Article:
Updated from 3:22 p.m. EDT
U.S. stocks closed sharply higher Monday following mostly strong sessions overseas.
Dow Jones Industrial Average
rose 367.63 points, or 4.5%, to 8603.44, and recorded the fifth-biggest point gain in the history of the average. The
was up 75.92 points, or 5.3%, to 1499.11, and the
gained 37.63 points, or 3.9%, to 1003.43. Volume was again heavy on the
New York Stock Exchange
and the Nasdaq. Chips, banks and Internet stocks were stronger, but biotechs dipped into negative territory. In a separate story,
broader look at how the various sectors fared.
In Europe, London's FTSE 100 gained about 4.1% at 4614, while the Paris CAC-40 added 5.7% to 3861. Hong Kong's Hang Seng gained 3.9% to 9285, but Tokyo's Nikkei lost 2.4% to 9555.
Investors seemed to react positively to news Monday that President Bush plans to freeze assets associated with suspected terrorist Osama bin Laden. The U.S. government is also laying out its case against bin Laden and saying that he was involved in the Sept. 11 attacks on the World Trade Center and the Pentagon.
A lack of military action over the weekend appeared to be behind a steep drop in the price of oil Monday morning. Brent North Sea crude fell about 12% to $22.30 a barrel in its biggest decline since January 1991.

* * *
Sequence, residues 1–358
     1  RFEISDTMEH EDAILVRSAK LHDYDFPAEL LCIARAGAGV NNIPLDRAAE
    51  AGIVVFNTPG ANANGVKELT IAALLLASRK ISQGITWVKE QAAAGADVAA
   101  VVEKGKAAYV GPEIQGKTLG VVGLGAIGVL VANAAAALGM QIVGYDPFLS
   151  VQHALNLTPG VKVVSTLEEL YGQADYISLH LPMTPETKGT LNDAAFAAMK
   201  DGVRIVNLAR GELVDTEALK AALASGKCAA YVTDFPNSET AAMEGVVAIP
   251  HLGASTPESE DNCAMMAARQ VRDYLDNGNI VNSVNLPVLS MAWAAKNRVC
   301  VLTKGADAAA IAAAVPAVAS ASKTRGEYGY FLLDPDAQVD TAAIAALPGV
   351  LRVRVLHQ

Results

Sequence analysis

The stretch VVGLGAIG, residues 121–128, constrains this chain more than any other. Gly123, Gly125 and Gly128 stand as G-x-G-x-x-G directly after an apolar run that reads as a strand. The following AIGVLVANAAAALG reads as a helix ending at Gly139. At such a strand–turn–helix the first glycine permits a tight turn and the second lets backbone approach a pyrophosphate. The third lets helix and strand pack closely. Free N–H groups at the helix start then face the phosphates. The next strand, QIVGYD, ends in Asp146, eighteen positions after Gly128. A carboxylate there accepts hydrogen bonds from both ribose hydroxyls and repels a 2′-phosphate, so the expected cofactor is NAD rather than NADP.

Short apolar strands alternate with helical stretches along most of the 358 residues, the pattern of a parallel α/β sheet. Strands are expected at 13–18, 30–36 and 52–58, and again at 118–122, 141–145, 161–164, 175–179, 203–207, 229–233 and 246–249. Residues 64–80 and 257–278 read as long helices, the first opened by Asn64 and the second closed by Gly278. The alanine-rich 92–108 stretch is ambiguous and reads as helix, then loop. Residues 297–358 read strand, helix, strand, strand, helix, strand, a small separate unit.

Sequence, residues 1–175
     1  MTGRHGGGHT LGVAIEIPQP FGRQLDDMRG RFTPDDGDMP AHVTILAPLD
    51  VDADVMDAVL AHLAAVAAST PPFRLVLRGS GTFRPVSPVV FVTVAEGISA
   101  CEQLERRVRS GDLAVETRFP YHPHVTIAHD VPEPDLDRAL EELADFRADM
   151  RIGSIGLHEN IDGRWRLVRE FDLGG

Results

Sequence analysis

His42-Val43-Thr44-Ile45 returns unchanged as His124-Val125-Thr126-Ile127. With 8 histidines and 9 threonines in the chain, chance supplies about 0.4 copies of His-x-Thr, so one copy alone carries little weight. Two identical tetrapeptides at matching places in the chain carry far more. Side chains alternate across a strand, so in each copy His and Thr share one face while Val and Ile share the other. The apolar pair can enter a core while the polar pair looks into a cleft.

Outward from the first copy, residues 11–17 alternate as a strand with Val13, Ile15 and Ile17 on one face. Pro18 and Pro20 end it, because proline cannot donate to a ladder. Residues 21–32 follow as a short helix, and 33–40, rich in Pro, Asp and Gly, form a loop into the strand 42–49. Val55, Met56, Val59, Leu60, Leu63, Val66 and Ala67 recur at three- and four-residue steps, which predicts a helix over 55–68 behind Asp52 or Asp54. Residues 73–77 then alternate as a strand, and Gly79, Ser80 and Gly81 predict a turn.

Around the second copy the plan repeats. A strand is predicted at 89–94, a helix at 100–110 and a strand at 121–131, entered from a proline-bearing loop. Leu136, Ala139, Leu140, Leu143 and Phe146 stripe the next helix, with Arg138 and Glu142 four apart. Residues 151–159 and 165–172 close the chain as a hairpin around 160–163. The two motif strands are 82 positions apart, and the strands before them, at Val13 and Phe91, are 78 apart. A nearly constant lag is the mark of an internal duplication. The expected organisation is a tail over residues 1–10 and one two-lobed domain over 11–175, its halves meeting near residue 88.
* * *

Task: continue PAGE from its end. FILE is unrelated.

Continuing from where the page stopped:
U.S. equities are coming off their worst weekly percentage decline since World War II, having lost more than 14% of their value over five sessions. War worries combined with concern about the economy also battered the Nasdaq, which was off more than 16% on the week.
In corporate news,
said Monday it agreed to acquire
for stock worth $1.2 billion, while
said it expects first-quarter sales to be $325 million, compared to a consensus estimate of $357 million compiled by First Call/Thomson Financial. VeriSign was up 3.5% to $39.64, and Illuminet climbed 2.7% to $35.93. JDS gained 16.6% to $6.25.
The 10-year Treasury bond was recently losing 9/32 to 102 5/32, yielding 4.72%. The dollar was higher against the yen after what appeared to be another intervention by the Bank of Japan, but the greenback lost ground to the euro. The Japanese currency was also off against the euro.